Week in Review: The Two Tales of Volatility
When it comes to volatility, stocks and cryptocurrencies diverged wildly this week. On the equities front, major selloffs in China and Wall Street were followed by equally large single-day rallies, as investors bought on the dip. For cryptocurrencies, the picture was largely unchanged for most of the week, as bitcoin and the broader market hovered near break-even.
Despite experiencing a minor dip on Friday, cryptocurrency prices have held within a remarkably narrow range over the past five days. The cryptocurrency market capitalization, which accounts for all digital assets including bitcoin, has hovered around $210-$212 billion for much of the week. On Friday, the market dipped to around $207 billion as bitcoin fell below $6,500.
Tether on Monday induced heavy volatility in the market as traders cut ties to the controversial stablecoin. The value of USDT not only lost its peg to the dollar, it briefly fell below $0.90. A collapsing USDT triggered a sharp spike in the value of bitcoin, with major exchanges like Bitfinex reporting a large premium on BTC. That’s because Bitfinex, among others, processes a much larger volume of BTC/USDT trades.
Bitcoin’s volatility index, which tracks daily fluctuations in the digital currency’s opening price, is hovering below 1.9% over the last 30 days. Bitcoin’s average fluctuations over the last 120 days are 2.91%, according to bitvol.info.
China Takes the Plunge
Chinese equities resumed their massive selloff this week, as a U.S.-led trade war continued to roil mainland markets. An attempt by the People’s Bank of China to ease capital controls was also met by skepticism by investors who remain critical of the country’s long-term growth outlook.
As of Thursday, China’s benchmark Shanghai Composite Index was down a staggering 12% for the month of October. The index rebounded sharply on Friday, gaining 2.6%, as government officials offered soothing comments about the health of the economy.
The Chinese yuan fell to nearly two-year lows this week after the U.S. Treasury refrained from labelling the country a “currency” manipulator in its biannual report. The Trump administration has called out China for undercutting the yuan as a means of gaining unfair trading advantage over its peers.
Pressure on Saudi Builds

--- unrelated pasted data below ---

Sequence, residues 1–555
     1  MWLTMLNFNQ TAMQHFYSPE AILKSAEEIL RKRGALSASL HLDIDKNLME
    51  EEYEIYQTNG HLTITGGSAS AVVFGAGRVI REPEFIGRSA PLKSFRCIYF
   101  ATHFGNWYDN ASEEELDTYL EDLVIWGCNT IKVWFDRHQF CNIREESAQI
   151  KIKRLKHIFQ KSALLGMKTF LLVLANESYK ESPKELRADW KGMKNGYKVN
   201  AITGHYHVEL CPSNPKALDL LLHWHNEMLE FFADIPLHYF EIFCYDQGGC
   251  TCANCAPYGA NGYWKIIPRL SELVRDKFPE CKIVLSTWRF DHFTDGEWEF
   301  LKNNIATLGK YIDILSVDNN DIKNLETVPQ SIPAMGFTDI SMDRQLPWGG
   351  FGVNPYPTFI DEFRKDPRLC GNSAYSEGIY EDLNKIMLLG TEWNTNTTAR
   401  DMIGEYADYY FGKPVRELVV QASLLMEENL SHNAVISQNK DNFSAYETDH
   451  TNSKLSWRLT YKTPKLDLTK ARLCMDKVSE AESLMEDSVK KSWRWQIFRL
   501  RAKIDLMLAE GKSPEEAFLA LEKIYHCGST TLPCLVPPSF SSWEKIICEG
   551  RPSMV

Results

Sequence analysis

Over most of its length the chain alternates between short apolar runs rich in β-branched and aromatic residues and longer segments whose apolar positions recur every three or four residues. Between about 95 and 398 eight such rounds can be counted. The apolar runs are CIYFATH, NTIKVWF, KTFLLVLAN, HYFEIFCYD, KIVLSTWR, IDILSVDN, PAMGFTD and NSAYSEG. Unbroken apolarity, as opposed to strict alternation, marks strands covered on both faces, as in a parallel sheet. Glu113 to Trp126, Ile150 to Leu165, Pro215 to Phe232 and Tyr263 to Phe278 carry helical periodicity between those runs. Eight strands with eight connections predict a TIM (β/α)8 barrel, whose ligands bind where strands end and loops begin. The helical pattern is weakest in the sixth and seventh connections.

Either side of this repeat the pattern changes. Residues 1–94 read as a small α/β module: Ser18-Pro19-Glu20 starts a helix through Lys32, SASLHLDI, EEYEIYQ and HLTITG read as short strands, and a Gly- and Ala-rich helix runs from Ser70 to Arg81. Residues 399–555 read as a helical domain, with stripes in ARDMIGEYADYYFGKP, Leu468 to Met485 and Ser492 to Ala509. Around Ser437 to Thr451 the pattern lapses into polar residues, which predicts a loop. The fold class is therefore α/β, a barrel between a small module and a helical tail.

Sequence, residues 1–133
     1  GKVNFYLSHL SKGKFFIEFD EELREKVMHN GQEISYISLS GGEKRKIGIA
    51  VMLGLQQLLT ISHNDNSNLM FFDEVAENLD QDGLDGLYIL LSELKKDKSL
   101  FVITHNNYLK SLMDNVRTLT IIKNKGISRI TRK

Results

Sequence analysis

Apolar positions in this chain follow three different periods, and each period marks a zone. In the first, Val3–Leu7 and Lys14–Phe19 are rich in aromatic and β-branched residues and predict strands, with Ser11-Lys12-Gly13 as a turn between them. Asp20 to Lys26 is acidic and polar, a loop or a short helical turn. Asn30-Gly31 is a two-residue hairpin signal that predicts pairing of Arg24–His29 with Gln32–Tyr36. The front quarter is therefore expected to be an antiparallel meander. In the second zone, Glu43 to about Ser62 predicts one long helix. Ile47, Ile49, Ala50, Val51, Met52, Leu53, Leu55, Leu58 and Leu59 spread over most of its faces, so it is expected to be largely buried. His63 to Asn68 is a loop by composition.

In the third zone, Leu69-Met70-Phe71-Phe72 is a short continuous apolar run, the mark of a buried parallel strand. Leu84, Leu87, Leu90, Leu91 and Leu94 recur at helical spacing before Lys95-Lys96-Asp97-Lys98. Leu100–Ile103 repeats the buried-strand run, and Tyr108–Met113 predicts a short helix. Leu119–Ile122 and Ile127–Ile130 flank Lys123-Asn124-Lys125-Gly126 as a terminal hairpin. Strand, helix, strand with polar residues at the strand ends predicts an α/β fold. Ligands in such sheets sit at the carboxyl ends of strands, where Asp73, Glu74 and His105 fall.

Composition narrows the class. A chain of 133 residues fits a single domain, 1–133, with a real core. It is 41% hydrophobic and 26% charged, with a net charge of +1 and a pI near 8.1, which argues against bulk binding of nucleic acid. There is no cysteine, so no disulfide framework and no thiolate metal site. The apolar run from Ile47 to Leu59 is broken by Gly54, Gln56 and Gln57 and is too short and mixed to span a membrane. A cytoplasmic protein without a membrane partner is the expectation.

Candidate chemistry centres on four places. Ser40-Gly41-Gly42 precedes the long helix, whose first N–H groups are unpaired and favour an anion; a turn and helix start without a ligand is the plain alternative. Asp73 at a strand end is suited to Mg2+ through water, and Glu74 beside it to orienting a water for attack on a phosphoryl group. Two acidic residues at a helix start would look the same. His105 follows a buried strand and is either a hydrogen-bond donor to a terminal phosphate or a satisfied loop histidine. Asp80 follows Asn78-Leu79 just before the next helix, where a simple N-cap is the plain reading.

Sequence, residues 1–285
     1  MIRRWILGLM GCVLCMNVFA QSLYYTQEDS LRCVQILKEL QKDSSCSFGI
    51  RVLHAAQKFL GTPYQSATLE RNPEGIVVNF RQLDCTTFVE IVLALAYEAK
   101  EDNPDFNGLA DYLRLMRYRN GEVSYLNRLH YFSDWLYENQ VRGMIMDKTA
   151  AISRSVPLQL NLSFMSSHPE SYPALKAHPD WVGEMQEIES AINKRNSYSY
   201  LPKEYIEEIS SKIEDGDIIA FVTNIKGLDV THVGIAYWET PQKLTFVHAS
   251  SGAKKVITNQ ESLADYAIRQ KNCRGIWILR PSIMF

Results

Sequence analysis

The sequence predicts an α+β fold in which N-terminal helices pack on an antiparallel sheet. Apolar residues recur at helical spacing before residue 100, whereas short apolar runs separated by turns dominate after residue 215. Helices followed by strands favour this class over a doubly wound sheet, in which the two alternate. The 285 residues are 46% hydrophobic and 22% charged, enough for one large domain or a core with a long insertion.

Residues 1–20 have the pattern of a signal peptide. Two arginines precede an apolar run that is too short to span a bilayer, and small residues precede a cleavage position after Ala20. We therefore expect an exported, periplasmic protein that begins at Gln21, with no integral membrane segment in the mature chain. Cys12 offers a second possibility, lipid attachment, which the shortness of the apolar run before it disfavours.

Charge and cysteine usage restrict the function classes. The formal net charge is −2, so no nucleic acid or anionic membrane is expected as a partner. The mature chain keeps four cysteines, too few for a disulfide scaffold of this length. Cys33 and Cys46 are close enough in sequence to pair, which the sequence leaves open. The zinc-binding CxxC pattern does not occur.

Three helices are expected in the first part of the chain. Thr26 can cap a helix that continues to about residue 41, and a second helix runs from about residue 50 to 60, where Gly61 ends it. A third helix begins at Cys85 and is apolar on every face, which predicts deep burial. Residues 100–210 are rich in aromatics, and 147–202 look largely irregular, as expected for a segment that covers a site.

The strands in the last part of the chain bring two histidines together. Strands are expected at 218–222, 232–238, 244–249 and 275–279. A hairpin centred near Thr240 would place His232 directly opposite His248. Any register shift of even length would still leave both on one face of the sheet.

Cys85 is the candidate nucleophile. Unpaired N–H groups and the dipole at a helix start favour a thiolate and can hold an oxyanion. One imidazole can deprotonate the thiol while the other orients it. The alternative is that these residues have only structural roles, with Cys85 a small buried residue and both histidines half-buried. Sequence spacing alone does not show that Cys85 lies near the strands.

Saudi Arabia is in the hot seat after a known dissident journalist was reportedly drugged, tortured and killed at the Saudi consulate in Istanbul, Turkey. Jamal Khashoggi, the journalist in question, was last seen entering the consulate on Oct. 2.
U.S. President Donald Trump has moved closer to acknowledging Riyadh’s role in the disappearance of Khashoggi amid new evidence indicting Crown Prince Mohammed Bin Salman. A source familiar with the investigation has told CNN that Saudi Arabia’s first secretary was involved in planning the attack.
The Saudis have denied any involvement in Khashoggi’s disappearance but are prepared to admit that he was killed in the consulate. Earlier this week, Riyadh implicitly threatened to use oil as a weapon should Western powers pursue sanctions against it.
The Week Ahead
The crypto bulls failed to show up after Monday’s sudden accumulation, a sign that bear-market conditions are likely to persist for a while longer. A lack of trading catalysts, combined with negative sentiment already present in the market, are clear signals that prices will remain subdued as we head into the final week of October.
The outlook on equities is much more mixed, as investors weigh a new batch of corporate earnings against a backdrop of political and trade-related concerns. It also remains to be seen whether the Trump administration will take decisive action against the Saudis should conclusive evidence link the government to Khashoggi’s disappearance.
On the data front, the U.S. government will release preliminary third-quarter GDP data next Friday. The world’s largest economy is said to have expanded 3.9% between July and September, according to the latest Atlanta Fed GDP Tracker.
Disclaimer: The author owns bitcoin, Ethereum and other cryptocurrencies. He holds investment positions in the coins, but does not engage in short-term or day-trading.
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